For the NPS server, I followed these summarized steps.

Step 1: After installing the Network Policy Server, select NPS (Local) and click “Configure NAP”.

 

 

Step 2: Select the connection method to be 802.1x wired.

 

 Step 3: Add one or more of your switches (HP in my case).

 

 

Step 4: Determine what users or machine groups you want to allow connections to the corporate VLAN.

 

 

Step 5: Select the NAP Server certificate (if allowing non domain machine, it should be a public PKI cert), and the EAP type.  For my environment, I wanted machine certs, so I used EAP-TLS.  You could have had the users type in a password (PEAP), but that is not the experience I wanted.

 

Step 6: Define the VLAN attributes for the corporate VLAN (aka the compliant network / full access network)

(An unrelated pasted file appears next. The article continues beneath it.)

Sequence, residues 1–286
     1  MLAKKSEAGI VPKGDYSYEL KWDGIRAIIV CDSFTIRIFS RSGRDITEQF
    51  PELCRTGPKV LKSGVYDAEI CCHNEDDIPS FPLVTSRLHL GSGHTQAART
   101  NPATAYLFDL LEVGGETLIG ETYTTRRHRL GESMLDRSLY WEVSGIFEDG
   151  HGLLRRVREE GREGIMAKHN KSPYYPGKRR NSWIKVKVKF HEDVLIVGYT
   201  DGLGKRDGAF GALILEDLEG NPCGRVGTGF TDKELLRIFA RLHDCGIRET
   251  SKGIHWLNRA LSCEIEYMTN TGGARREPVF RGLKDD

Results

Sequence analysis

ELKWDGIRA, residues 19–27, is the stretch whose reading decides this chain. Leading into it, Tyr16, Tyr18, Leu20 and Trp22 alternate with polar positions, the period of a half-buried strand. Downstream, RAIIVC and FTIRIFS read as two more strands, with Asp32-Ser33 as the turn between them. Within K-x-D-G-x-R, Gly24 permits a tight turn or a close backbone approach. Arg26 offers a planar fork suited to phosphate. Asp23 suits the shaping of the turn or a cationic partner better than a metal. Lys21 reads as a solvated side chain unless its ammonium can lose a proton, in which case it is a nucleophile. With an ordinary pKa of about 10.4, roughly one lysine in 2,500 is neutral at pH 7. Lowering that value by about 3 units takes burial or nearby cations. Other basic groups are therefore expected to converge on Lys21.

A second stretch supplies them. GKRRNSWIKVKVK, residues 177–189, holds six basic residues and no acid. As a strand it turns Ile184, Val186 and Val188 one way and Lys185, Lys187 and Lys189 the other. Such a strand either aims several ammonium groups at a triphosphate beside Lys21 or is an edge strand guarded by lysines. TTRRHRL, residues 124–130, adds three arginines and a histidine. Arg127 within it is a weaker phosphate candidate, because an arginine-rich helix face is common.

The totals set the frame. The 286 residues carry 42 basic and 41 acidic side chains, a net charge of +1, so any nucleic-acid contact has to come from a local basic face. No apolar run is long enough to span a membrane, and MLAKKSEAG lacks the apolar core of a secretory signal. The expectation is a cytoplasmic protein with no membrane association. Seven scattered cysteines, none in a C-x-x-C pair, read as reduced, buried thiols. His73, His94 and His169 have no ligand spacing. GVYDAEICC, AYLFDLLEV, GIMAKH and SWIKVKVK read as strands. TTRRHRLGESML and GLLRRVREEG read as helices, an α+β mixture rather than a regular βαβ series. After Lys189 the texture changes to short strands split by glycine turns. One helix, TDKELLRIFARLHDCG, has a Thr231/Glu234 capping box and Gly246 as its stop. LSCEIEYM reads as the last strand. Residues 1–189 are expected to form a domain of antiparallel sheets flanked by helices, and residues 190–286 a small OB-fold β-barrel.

Step 7: Define the VLAN settings for the guest VLAN (aka the non-compliant / restricted network)

 

Step 8: Define which validators you will use, if remediation is enabled and what to do with non-NAP computers.

 

Step 9: Lastly, I setup my Windows Security Health Validator to match my policy.

 

Client Device – Enterprise Managed:

On enterprise managed devices, you need to set at least 4 settings.  These can all be set via GPO, but I wanted to show the exact settings here so you can fully understand what has to be set.

Step 1: Set both the “Network Access Protection” and the “Wired AutoConfig” service as automatic and start them.

 

 

 

Step 2: Open up an MMC, add the “NAP Client Configuration” and enable the EAP Quarantine Enforcement Client.

 

Step 3: Once the “Wired AutoConfig” service is started, in network connections right click on the Ethernet interface and select Authentication.  Enable 802.1X and select PEAP.